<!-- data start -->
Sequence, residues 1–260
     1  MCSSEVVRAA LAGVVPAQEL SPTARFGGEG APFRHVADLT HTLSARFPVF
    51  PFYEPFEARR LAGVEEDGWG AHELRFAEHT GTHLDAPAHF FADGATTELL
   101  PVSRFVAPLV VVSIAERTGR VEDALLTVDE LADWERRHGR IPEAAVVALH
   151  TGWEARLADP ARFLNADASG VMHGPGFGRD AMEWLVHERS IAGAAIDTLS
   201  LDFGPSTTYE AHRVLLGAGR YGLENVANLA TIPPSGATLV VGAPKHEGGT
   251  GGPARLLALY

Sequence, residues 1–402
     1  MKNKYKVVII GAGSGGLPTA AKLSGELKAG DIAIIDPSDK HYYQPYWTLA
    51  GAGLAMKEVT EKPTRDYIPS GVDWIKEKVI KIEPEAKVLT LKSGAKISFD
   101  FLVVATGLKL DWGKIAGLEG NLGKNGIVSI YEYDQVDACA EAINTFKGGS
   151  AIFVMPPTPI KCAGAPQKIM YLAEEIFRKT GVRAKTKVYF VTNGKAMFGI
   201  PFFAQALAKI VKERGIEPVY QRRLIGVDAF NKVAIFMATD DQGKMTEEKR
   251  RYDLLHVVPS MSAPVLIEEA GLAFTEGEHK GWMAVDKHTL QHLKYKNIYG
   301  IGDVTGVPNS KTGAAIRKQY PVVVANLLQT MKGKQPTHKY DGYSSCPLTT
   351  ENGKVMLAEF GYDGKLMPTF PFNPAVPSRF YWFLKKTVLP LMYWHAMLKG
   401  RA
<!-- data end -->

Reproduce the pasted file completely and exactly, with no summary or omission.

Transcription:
Sequence, residues 1–260
     1  MCSSEVVRAA LAGVVPAQEL SPTARFGGEG APFRHVADLT HTLSARFPVF
    51  PFYEPFEARR LAGVEEDGWG AHELRFAEHT GTHLDAPAHF FADGATTELL
   101  PVSRFVAPLV VVSIAERTGR VEDALLTVDE LADWERRHGR IPEAAVVALH
   151  TGWEARLADP ARFLNADASG VMHGPGFGRD AMEWLVHERS IAGAAIDTLS
   201  LDFGPSTTYE AHRVLLGAGR YGLENVANLA TIPPSGATLV VGAPKHEGGT
   251  GGPARLLALY

Sequence, residues 1–402
     1  MKNKYKVVII GAGSGGLPTA AKLSGELKAG DIAIIDPSDK HYYQPYWTLA
    51  GAGLAMKEVT EKPTRDYIPS GVDWIKEKVI KIEPEAKVLT LKSGAKISFD
   101  FLVVATGLKL DWGKIAGLEG NLGKNGIVSI YEYDQVDACA EAINTFKGGS
   151  AIFVMPPTPI KCAGAPQKIM YLAEEIFRKT GVRAKTKVYF VTNGKAMFGI
   201  PFFAQALAKI VKERGIEPVY QRRLIGVDAF NKVAIFMATD DQGKMTEEKR
   251  RYDLLHVVPS MSAPVLIEEA GLAFTEGEHK GWMAVDKHTL QHLKYKNIYG
   301  IGDVTGVPNS KTGAAIRKQY PVVVANLLQT MKGKQPTHKY DGYSSCPLTT
   351  ENGKVMLAEF GYDGKLMPTF PFNPAVPSRF YWFLKKTVLP LMYWHAMLKG
   401  RA